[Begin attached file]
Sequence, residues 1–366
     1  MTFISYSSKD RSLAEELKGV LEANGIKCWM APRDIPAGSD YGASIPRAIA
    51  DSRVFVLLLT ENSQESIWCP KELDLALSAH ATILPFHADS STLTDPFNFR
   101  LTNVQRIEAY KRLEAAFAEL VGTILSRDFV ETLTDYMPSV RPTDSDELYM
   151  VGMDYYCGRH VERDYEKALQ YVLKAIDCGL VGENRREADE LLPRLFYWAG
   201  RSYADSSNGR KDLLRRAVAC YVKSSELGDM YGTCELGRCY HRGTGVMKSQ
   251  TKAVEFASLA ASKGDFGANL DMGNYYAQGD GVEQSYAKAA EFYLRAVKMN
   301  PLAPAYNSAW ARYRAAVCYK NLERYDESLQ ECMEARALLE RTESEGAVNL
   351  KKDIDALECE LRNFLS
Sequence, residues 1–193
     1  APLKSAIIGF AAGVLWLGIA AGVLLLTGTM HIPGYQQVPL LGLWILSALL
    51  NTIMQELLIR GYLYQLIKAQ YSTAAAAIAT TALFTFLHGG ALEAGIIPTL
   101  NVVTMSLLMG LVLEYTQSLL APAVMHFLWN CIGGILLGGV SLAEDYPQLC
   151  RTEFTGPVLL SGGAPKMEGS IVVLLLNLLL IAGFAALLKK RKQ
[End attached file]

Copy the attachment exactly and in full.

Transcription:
Sequence, residues 1–366
     1  MTFISYSSKD RSLAEELKGV LEANGIKCWM APRDIPAGSD YGASIPRAIA
    51  DSRVFVLLLT ENSQESIWCP KELDLALSAH ATILPFHADS STLTDPFNFR
   101  LTNVQRIEAY KRLEAAFAEL VGTILSRDFV ETLTDYMPSV RPTDSDELYM
   151  VGMDYYCGRH VERDYEKALQ YVLKAIDCGL VGENRREADE LLPRLFYWAG
   201  RSYADSSNGR KDLLRRAVAC YVKSSELGDM YGTCELGRCY HRGTGVMKSQ
   251  TKAVEFASLA ASKGDFGANL DMGNYYAQGD GVEQSYAKAA EFYLRAVKMN
   301  PLAPAYNSAW ARYRAAVCYK NLERYDESLQ ECMEARALLE RTESEGAVNL
   351  KKDIDALECE LRNFLS
Sequence, residues 1–193
     1  APLKSAIIGF AAGVLWLGIA AGVLLLTGTM HIPGYQQVPL LGLWILSALL
    51  NTIMQELLIR GYLYQLIKAQ YSTAAAAIAT TALFTFLHGG ALEAGIIPTL
   101  NVVTMSLLMG LVLEYTQSLL APAVMHFLWN CIGGILLGGV SLAEDYPQLC
   151  RTEFTGPVLL SGGAPKMEGS IVVLLLNLLL IAGFAALLKK RKQ